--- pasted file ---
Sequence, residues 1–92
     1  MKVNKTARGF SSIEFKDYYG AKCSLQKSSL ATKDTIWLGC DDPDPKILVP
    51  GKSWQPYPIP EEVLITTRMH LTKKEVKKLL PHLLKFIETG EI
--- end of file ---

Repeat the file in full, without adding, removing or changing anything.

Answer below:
Sequence, residues 1–92
     1  MKVNKTARGF SSIEFKDYYG AKCSLQKSSL ATKDTIWLGC DDPDPKILVP
    51  GKSWQPYPIP EEVLITTRMH LTKKEVKKLL PHLLKFIETG EI